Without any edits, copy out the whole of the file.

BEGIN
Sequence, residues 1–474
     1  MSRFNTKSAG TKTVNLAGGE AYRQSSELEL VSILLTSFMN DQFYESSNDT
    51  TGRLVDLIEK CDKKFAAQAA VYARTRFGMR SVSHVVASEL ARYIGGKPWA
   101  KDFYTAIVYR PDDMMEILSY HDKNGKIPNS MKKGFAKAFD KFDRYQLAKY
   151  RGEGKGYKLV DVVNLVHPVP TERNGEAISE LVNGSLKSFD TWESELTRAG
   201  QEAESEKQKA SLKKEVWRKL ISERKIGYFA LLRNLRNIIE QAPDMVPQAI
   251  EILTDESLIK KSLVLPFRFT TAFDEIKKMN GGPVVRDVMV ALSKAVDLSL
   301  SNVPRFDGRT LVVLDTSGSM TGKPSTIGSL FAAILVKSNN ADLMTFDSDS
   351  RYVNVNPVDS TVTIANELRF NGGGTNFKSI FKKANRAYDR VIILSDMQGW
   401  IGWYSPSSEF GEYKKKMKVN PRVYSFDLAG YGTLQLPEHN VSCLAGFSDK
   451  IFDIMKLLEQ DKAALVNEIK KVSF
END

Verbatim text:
Sequence, residues 1–474
     1  MSRFNTKSAG TKTVNLAGGE AYRQSSELEL VSILLTSFMN DQFYESSNDT
    51  TGRLVDLIEK CDKKFAAQAA VYARTRFGMR SVSHVVASEL ARYIGGKPWA
   101  KDFYTAIVYR PDDMMEILSY HDKNGKIPNS MKKGFAKAFD KFDRYQLAKY
   151  RGEGKGYKLV DVVNLVHPVP TERNGEAISE LVNGSLKSFD TWESELTRAG
   201  QEAESEKQKA SLKKEVWRKL ISERKIGYFA LLRNLRNIIE QAPDMVPQAI
   251  EILTDESLIK KSLVLPFRFT TAFDEIKKMN GGPVVRDVMV ALSKAVDLSL
   301  SNVPRFDGRT LVVLDTSGSM TGKPSTIGSL FAAILVKSNN ADLMTFDSDS
   351  RYVNVNPVDS TVTIANELRF NGGGTNFKSI FKKANRAYDR VIILSDMQGW
   401  IGWYSPSSEF GEYKKKMKVN PRVYSFDLAG YGTLQLPEHN VSCLAGFSDK
   451  IFDIMKLLEQ DKAALVNEIK KVSF